should NOT be touched. The deeper recess in the holder is intended
to protect it from damage. Therefore, the glass is on the shallow side of
the holder and the grating is on the deep side.
- Place the grating on the center of the table with its scratches running
vertically, and with the base material (glass) facing the light source.
In this way, one can study diffraction without the complication of
refraction (recall from the previous lab how light behaves when traveling
through glass at other than normal incidence). Fix the grating in place
using masking tape.
- Rotate the table to make the grating perpendicular to the incident beam
by eye. This is not critical since the average of R and L accommodates a minor misalignment.
- Affirm maximum brightness for the straight through beam by adjusting the
source-slit alignment. At this step, the slit should be narrow, perhaps a
few times wider than the hairline. Search for the spectrum by moving the
telescope to one side or the other. This spectrum should look much like that
observed with the prism except that the order of the colors as you move
away from zero degrees is reversed.
- Search for the second- and third-order spectra. Do not measure the
higher-order angles, but record the order of colors away from zero degrees.
- For each of the seven
colors in the mercury spectrum, measure the angles
L to the nearest
tenth of a degree by placing the hairline on the stationary side of the slit.
- Average the right and left angles for each color.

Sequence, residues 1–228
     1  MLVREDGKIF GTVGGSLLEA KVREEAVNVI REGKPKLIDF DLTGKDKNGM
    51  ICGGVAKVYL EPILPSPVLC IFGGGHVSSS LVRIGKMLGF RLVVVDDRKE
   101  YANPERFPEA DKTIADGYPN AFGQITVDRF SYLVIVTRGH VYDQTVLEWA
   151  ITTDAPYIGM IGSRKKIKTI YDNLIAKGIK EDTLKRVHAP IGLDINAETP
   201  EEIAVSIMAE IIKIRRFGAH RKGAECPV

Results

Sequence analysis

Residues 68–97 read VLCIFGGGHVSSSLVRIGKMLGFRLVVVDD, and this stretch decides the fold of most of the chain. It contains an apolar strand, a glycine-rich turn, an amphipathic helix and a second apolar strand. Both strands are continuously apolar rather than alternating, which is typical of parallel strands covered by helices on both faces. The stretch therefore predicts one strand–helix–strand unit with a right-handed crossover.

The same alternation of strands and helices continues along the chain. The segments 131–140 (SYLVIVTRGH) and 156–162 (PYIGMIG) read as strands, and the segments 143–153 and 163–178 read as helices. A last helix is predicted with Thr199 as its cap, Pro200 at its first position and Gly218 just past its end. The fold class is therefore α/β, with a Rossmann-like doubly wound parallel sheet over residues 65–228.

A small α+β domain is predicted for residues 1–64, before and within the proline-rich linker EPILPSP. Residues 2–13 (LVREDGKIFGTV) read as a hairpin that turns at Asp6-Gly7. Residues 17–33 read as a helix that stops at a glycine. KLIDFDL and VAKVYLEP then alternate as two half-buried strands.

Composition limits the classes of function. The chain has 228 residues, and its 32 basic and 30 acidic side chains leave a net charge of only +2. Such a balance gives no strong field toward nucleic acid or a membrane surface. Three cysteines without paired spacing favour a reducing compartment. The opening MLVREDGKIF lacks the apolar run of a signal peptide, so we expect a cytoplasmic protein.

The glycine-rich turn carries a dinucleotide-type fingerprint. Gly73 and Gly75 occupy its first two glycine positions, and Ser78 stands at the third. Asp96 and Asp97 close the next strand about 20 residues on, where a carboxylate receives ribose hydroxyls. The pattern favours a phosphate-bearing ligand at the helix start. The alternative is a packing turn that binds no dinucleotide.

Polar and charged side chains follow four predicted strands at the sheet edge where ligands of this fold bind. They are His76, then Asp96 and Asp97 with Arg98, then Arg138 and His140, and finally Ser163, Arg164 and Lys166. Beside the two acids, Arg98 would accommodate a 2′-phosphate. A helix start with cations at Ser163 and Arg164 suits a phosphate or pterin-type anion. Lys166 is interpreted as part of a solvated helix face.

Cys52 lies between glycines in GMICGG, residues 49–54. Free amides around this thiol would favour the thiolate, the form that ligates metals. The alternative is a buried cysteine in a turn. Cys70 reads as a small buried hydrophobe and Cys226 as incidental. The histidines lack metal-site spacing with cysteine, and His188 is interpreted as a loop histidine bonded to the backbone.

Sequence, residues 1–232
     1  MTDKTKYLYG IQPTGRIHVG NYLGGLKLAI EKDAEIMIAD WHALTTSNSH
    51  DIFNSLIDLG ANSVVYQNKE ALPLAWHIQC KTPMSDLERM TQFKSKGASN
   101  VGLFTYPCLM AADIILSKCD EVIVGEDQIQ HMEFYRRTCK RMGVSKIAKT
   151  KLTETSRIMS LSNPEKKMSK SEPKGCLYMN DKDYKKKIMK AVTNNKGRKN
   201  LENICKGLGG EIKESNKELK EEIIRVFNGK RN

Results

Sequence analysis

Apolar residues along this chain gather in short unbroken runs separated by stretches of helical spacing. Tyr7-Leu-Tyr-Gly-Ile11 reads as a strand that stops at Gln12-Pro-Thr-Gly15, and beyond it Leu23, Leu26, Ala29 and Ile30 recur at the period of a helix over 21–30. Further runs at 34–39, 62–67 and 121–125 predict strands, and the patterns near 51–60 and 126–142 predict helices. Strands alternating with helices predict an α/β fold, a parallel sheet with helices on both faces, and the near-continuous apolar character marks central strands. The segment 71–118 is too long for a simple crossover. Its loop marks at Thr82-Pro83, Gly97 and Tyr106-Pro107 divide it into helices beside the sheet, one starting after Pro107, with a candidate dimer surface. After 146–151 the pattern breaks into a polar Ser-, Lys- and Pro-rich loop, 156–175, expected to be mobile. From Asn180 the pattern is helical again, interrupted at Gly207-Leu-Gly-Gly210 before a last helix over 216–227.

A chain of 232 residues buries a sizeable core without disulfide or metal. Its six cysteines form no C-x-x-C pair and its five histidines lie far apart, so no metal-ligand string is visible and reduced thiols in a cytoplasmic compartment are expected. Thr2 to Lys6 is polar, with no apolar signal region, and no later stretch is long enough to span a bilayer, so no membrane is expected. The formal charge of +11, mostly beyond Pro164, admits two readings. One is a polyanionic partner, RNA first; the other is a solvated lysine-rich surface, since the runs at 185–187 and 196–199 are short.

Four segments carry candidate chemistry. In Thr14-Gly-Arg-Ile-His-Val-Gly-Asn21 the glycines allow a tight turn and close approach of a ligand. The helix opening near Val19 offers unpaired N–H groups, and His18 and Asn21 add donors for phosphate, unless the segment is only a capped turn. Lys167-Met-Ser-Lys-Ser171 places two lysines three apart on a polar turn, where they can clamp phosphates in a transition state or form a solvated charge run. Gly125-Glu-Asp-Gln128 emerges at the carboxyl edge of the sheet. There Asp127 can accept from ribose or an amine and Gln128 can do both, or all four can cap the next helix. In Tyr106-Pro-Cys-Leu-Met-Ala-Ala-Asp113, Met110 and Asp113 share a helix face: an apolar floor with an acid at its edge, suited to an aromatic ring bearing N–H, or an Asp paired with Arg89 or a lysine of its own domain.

- Use the grating equation with d=(1/6000) cm to find the wavelength
for each color.
Remember that 108 angstrom = 1 cm.
- Calculate the percent deviation for each wavelength using
% deviation = (data-theory)/theory x 100%
where "theory" is the tabulated wavelength from the last experiment.
Do not ignore the sign; it contains information. A positive % deviation
means that the value is above the theory; a negative % deviation
means that the value is below the theory.
- Do you notice any systematic problems in your seven % deviations?
- Use the grating equation with the
tabulated values of
from last time and your
measured values of
to calculate seven different values of N, the grating constant (N=1/d).
- Average the seven values of N. For the error on N, use the
standard deviation on the mean (SDOM). Compare your answer to the
accepted value of 6000 lines/cm. Does your value of N agree with the
manufacturer's value within the error range? See Taylor page 5
if you are confused.
- What could be causing any discrepancy?
- Why is it necessary that the base side of the grating face toward the
light source? Draw a ray diagram for the two cases: a) base toward the
source (correct) and b) grating toward the source (incorrect).
- A certain color emerges at 15o in the first-order spectrum.
At what angle would this same color emerge in the second order if the same
source and grating are used?
Don't forget your two random and two systematic error sources.